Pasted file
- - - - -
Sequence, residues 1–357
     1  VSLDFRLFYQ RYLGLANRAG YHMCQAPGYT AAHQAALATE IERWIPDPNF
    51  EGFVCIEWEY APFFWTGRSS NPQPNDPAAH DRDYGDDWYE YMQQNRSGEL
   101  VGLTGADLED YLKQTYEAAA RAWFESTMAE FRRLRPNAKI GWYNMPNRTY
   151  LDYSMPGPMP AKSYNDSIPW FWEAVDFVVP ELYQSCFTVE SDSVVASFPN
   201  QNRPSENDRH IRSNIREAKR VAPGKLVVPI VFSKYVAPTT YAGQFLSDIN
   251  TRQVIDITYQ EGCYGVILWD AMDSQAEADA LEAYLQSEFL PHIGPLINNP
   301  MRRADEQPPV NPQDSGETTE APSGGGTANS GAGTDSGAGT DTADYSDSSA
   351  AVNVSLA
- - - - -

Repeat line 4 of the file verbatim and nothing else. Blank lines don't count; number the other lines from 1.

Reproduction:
   101  VGLTGADLED YLKQTYEAAA RAWFESTMAE FRRLRPNAKI GWYNMPNRTY